The pouch is closed with a zipper that has red paracord to open it. I like to attach paracord to all my zippers, so it was nice that it came standard.

The interior

Here’s where the magic happens! The pouch lays completely flat when opened, so you have a clear view of everything inside.

The two sides of the pouch are configured differently.

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One has the elastic straps running vertically that have stitching across to hold decompression needles, NPA’s, sharpies and the likes. Behind the straps there is room enough for chest seals and Elastic Trauma Dressings (in my case the NAR ETD 6″).

The other side is where the Delta Trauma Kit differs from the STOMP. Here there is one elastic strap running horizontally, stitched to create 3 loops. Then there are two elastic straps running vertically to create the modularity to set up your kit to your needs. The horizontal straps are perfect for compressed gauze.

In the middle of the two compartments, there is an extra strap that can be used, in my example, for your gloves.

The mounting

The mounting for your belt is done by a MOLLE system with loop velcro on one side and a strap that keeps the pouch secured to your belt. It came with the MALICE clips to attach it. It’s a well thought-out system.

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Conclusion

The Delta Trauma Kit is definitely an upgrade to my old system. It’s low-profile, tear-away and holds everything it needs to.

If you’re in the market for a new IFAK pouch, you should take a look at this one!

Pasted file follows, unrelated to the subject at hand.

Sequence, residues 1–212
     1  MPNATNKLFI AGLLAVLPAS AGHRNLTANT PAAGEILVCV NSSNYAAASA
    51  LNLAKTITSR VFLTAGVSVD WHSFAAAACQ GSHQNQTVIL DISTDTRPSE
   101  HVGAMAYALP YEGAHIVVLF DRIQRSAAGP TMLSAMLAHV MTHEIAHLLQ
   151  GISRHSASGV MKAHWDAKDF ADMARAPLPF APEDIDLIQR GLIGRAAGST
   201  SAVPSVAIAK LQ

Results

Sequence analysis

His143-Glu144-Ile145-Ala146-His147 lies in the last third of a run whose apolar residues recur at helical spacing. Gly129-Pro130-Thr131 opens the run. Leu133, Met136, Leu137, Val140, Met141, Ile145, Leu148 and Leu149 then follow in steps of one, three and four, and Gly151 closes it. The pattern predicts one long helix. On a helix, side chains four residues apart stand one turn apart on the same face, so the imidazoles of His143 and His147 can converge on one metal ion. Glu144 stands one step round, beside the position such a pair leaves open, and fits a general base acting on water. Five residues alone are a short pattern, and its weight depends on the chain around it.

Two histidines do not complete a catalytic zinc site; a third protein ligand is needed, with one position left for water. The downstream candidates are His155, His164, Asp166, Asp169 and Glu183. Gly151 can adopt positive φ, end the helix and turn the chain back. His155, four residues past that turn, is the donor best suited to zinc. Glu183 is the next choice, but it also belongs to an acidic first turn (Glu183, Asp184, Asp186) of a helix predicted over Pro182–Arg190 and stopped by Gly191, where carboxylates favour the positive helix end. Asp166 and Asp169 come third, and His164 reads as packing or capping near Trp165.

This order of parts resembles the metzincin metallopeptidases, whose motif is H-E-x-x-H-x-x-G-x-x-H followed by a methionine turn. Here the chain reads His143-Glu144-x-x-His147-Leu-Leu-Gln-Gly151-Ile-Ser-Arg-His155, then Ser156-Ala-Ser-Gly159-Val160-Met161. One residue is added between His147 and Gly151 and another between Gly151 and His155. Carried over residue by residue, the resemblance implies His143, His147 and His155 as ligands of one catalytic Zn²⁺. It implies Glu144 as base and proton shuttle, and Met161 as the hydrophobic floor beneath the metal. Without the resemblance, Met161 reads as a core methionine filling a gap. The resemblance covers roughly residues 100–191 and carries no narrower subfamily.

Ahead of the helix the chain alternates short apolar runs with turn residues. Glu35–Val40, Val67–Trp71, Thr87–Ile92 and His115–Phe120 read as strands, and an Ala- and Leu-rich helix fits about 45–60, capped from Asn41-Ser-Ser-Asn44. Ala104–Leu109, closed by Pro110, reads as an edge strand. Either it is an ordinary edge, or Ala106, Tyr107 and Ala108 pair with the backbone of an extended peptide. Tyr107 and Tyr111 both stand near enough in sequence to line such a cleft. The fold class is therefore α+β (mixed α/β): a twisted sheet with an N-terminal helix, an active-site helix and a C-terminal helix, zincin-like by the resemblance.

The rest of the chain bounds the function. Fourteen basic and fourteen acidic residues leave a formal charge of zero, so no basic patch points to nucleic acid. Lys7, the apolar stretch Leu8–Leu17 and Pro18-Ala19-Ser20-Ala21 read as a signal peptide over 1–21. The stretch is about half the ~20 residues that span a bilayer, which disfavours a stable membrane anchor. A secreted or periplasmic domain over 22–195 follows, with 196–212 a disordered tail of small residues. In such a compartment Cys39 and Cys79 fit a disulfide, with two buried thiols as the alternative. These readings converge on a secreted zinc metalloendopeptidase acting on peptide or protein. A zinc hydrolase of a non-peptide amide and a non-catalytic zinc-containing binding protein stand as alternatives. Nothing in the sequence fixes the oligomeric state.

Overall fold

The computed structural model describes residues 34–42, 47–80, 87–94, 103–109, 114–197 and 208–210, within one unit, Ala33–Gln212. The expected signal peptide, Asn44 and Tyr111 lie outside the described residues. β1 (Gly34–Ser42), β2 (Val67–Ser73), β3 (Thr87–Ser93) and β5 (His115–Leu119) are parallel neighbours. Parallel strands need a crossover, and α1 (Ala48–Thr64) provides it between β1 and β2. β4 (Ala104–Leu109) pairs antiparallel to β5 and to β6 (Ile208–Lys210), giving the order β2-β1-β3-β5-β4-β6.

~ FMB

Links:

Tactical Kit

Re Factor Tactical

 

The Delta Trauma Kit was not a sponsored item, my review and thoughts about the product are truthful and not funded.

 

 

Equipment Series: 2nd Line

The second part of this series is of course my second line!

2nd line

Task

My second line is dedicated to fighting and completing my mission. In English: things to make holes, things to plug holes and things to make holes in the ground and everything on it.

Location

All my fight and mission gear is either on my plate carrier or my MAP/Day pack.

Mostly I work only with a MAP style bag on my back because it’s more streamlined and smaller than the issued Camelbak Motherlode.

When I need to carry more food, water, munitions, batteries and what not, I will carry the issued backpack because it remains a decent pack.

Contents

Plate Carrier (WAS DCS with LVL IV and IIIa Plates)
SCAR Mags x3 (WAS pouch)
SMK Gren (WAS pouch)
Surefire
PRC-152 (HGG Pouch)
Knife (Pocket Piefighter)
Admin pouch (WAS) Compass
Slate Cards
RED Card
Pencil
Eraser
Sharpener
Römer
Small calculator
Markers
GPS Dakota 20 (to double check) (WAS pouch)
MAP (WAS Cargo Pack) or Daypack PRC-117G
PRC-117 Batt
Liberator III Long Cable
Hydration Bladder
Weapon Cleaning Kit
Insect Repellent
Boo-Boo Kit
Stripped MRE
Liberator III
Princeton MPLS LED light
CAT TQ (Tactical Tailor pouch)
IFAK CAT TQ
Israeli Pressure Dressing
Quiclot/Celox

Depending on the mission, our VDL system can be added either in the internal radio pouch of the carrier or in the issued PRC-152 pouch. Using the HMD we are able to see the video feed from our air assets, wich is a big plus!

The Setup

In these pictures, I don’t have the Cargo Pack attached and my Spiritus Systems GP pouch is still attached on my plate carrier. This is the setup with our VDL system. The admin pouch can be closed, but on the pictures I stuffed it with some extra aerial pictures.

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Here are some extra pictures from my last exercise:

If you have any questions or suggestions, let me know.
~ FMB